Imitation – the sincerest form of flattery?

NW Trail Alliance logo

This week, PUMP (Portland United Mountain Pedalers) unveiled a new name and logo for the mountain bike advocacy organization. The new name, Northwest Trail Alliance, sounds flat and uninspiring compared to PUMP.

The new logo, however, is what’s really unoriginal. When you borrow another organization’s logo, that’s not called rebranding. Let’s call it copybranding.

Seattle’s Backcountry Bicycle Trails Club recently rebranded and chose a controversial name– Evergreen Mountain Bike Alliance. Did Kris Schamp (former marketing specialist for Bike Gallery) unconsciously, or consciously, misappropriate the logo (below) that BBTC had used for over ten years?

Backcountry Bicycle Trails Club logo
The recently retired BBTC logo was created by Ross Cattelan, a long-time BBTC supporter and professional graphic designer. After I developed a concept with another designer, Ross added depth to the imagery and he created a new color palette that was used across all BBTC marketing materials (until last year when BBTC evolved to Evergreen).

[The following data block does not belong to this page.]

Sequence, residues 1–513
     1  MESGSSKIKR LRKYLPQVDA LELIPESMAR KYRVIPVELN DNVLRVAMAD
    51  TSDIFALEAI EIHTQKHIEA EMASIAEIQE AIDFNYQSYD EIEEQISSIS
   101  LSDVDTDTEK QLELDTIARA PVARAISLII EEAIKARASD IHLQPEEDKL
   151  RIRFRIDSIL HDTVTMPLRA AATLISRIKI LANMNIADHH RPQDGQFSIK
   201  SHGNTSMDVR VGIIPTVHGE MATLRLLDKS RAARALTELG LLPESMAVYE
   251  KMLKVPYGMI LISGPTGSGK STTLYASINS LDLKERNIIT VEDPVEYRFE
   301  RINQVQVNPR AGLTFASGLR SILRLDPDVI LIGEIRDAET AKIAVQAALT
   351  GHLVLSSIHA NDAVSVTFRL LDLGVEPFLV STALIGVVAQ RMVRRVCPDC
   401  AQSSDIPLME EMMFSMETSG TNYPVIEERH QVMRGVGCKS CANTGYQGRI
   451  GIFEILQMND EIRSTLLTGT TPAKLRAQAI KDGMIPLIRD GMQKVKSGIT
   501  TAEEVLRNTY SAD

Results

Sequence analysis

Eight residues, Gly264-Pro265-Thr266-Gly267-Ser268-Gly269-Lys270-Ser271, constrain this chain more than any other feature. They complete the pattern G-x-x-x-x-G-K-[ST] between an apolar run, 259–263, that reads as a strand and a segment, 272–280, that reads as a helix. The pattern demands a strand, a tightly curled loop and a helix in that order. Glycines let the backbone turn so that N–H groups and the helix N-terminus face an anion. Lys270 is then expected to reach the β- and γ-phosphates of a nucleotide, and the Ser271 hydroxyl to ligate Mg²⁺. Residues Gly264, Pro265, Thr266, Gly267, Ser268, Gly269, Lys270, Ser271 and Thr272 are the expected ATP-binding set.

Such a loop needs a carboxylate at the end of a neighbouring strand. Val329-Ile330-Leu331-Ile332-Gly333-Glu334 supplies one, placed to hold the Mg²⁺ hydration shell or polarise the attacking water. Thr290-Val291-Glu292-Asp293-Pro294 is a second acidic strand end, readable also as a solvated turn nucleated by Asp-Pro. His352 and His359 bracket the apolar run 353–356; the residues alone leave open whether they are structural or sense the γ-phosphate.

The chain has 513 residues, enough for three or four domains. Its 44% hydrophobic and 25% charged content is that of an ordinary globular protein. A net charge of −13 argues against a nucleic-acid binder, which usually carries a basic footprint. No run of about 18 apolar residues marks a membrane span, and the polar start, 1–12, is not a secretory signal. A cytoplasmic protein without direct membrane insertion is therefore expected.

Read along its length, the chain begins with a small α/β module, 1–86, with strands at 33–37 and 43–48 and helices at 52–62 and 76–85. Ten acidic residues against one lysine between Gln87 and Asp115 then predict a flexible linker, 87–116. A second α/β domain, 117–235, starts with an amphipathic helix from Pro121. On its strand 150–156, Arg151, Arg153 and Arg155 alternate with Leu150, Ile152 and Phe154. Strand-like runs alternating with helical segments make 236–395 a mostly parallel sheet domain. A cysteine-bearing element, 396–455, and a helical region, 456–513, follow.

Legally, Northwest Trail Alliance is not in danger of trademark violation. Its new design deviates significantly enough from the BBTC logo that it is probably not “confusingly similar.”

When determining infringement, the Court considers the following elements:

  1. Strength of the mark
  2. Proximity of the goods
  3. Similarity of the marks
  4. Evidence of actual confusion
  5. Marketing channels used
  6. Type of goods and the degree of care likely to be exercised by the purchaser
  7. Defendant’s intent in selecting the mark
  8. Likelihood of expansion of the product lines

A little market research and common courtesy can help ward off trademark suits.